Most people are sick and tired of being told to achieve weight loss by “eating less and exercising more”. And with good reason: a growing body of research is showing that often times diet and exercise are not enough to help someone lose meaningful weight and keep it off.
Restrictive dieting is difficult both physically and emotionally. It takes a tremendous amount of discipline, planning and commitment. When the numbers on the scale do not reflect the amount of hard work you are putting into losing weight, it can get discouraging. You try so hard, but the scale doesn't seem to care.
For some, exercise is a concept that is not applicable. A recent patient who was at a weight of 550 pounds, said “It isn’t that I don’t want to exercise - no one understands that when you are very large, even something like taking a shower can be a painful and exhausting and sometimes a nearly impossible feat. And you want me to start walking around the block? That's just a disaster waiting to happen.”
Simply providing a chronically weight challenged person the latest diet and exercise book or piece of fitness equipment simply will not work either. A different approach and mindset has to be taken into consideration with large-scale, long term weight loss. A paper published in the journal Lancet Diabetes and Endocrinology explains the necessity for obesity to be recognized as a serious chronic disease with biological foundations—not JUST a result of lack of diet and exercise.
Lifestyle modifications can result in lasting weight loss in individuals who are overweight. But with those facing chronic obesity, body weight seems to be biologically “stamped in” and defended. Research shows that while obese patients will be successful in the first few months of a diet and exercise only - weight loss program, but as much as 80 to 95 percent will eventually regain the weight lost.
So, here lies the predicament
If obesity is not exclusively due to poor lifestyle choices, and diet and exercise is statistically proven not to work for substantial long term weight loss - where do you start?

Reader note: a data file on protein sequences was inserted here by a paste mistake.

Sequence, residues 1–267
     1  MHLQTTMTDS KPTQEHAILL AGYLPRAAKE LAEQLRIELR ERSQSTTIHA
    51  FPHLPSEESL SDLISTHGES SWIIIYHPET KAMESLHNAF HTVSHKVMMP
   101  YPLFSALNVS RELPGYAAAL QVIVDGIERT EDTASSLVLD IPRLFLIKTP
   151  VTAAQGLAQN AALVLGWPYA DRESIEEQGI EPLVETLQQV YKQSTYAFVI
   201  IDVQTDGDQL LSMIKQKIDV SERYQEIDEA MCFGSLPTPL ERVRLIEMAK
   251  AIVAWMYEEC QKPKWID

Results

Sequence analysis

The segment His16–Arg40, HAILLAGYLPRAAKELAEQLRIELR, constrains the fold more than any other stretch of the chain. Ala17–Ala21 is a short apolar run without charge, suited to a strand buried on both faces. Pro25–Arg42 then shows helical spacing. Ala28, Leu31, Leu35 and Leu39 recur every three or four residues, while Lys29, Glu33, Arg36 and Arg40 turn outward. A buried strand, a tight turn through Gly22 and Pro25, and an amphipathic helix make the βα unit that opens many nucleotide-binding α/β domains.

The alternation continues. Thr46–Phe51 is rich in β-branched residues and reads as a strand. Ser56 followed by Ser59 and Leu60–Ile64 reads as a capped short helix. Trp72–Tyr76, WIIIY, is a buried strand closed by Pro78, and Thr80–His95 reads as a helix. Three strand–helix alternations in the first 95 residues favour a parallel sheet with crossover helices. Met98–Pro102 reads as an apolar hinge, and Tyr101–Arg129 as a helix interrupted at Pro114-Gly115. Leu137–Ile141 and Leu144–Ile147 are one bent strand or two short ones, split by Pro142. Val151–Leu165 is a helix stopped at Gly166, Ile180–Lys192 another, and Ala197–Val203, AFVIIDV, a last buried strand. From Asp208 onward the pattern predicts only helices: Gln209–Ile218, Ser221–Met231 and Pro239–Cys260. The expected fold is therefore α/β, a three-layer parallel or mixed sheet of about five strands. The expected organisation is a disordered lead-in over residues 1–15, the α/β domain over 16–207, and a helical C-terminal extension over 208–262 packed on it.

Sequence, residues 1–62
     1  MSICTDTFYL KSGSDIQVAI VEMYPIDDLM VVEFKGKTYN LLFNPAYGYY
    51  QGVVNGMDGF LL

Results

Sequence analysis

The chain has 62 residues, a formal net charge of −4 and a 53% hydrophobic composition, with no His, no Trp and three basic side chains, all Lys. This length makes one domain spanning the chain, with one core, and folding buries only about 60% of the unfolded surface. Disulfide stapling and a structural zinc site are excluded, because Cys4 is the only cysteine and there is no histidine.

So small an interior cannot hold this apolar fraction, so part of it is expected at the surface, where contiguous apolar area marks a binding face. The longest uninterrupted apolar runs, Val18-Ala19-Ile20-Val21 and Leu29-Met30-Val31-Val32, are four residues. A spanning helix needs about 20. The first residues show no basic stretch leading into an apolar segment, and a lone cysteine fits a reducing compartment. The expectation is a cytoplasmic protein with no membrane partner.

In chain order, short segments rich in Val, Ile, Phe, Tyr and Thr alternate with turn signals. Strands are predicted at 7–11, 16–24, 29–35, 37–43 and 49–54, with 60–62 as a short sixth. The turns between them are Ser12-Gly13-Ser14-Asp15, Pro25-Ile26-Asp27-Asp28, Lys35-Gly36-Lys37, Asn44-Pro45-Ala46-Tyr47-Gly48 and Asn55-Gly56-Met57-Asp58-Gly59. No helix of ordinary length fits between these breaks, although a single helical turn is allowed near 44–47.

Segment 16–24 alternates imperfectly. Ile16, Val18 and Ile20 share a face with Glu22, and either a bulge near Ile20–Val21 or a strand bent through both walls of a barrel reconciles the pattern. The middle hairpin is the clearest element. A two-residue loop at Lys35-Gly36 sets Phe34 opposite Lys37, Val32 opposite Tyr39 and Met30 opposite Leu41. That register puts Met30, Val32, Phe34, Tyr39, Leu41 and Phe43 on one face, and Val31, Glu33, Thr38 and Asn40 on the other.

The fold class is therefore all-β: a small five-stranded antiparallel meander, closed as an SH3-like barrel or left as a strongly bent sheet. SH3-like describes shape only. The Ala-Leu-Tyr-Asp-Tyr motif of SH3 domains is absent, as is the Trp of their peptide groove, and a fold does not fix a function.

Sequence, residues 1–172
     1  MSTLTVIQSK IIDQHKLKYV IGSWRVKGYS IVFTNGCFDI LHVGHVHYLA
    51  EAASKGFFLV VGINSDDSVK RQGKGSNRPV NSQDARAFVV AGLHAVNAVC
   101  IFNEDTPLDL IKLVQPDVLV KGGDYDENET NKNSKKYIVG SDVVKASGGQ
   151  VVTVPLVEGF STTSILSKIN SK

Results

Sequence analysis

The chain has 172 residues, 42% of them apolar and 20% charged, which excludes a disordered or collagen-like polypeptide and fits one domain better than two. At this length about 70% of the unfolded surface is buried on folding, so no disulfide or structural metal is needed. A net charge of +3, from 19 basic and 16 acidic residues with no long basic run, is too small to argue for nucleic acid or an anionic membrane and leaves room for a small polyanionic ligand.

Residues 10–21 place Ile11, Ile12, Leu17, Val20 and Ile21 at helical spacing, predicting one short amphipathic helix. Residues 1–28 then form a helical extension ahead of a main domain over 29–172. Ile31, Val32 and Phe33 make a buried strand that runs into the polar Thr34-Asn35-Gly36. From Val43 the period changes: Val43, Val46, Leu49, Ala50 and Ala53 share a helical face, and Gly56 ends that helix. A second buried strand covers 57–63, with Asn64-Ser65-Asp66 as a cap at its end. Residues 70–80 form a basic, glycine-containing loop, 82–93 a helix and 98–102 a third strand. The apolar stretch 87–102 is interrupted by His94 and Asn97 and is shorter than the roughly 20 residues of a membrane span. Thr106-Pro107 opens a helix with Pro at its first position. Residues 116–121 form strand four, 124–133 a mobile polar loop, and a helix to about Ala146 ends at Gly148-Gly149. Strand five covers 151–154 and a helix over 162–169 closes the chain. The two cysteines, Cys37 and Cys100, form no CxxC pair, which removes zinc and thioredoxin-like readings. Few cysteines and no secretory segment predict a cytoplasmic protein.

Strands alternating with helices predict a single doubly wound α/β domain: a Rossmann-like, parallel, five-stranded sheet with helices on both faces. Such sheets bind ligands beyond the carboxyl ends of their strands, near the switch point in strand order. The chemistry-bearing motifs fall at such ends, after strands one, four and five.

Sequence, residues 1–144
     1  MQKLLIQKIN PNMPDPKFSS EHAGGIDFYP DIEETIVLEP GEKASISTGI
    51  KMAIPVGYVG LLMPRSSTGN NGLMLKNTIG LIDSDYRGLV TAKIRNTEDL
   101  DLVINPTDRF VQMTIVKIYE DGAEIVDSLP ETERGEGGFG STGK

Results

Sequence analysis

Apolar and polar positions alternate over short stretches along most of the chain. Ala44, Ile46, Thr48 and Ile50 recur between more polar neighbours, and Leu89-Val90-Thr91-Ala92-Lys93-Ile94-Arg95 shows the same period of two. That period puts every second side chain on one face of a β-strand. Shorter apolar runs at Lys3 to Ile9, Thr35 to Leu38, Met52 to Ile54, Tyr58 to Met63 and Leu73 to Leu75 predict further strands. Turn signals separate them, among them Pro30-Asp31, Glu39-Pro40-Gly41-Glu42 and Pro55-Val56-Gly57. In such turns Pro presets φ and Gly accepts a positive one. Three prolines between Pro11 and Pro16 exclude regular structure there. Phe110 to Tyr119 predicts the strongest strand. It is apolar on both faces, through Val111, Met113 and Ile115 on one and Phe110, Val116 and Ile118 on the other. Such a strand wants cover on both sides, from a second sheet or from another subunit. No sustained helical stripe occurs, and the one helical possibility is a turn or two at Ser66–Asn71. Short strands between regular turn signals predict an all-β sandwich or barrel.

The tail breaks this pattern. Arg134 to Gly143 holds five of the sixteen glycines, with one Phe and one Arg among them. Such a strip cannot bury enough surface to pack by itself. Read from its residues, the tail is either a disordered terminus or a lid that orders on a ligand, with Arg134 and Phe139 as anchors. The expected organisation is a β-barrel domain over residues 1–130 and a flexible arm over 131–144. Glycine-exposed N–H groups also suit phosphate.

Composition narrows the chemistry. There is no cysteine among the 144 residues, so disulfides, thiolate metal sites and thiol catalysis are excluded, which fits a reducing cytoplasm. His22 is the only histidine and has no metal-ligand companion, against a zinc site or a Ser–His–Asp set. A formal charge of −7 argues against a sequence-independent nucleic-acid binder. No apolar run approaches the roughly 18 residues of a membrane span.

First of all, seek supervision. There are many health risks that come with obesity. You should understand what is happening in your body begin seeking a treatment plan that is realistic and healthy for you.
Healthy eating and exercise is of course always recommended. After all, a healthy lifestyle should be the ultimate goal of any weight loss effort. But if dieting and exercise alone have not worked for you in the past, you should also be open to alternate weight loss methods.
Weight loss medication, non-surgical procedures such as the gastric balloon or weight loss surgeries like the duodenal switch or the gastric sleeve could be the jump-start you need. Do not be afraid or ashamed to admit you need extra help. There is nothing wrong with using available tools to achieve long term health. Any of these methods combined with healthy eating and exercise could result in the weight loss and health benefits you have been wishing for.
Weight loss surgery of course results in most significant weight loss instantly and long term. More importantly, medical conditions associated with obesity such as type 2 diabetes, sleep apnea and symptoms of heart disease are immediately eliminated or significantly reduced.
Although alternative methods will produce immediate weight loss, focus should always be to adapt a healthy lifestyle. Talk with a reputable weight loss specialist to understand what options are the best option for you and your lifestyle.
Don’t let fear hold you back. “Sometimes doing what you’re most afraid of doing is the very thing that will set you free.”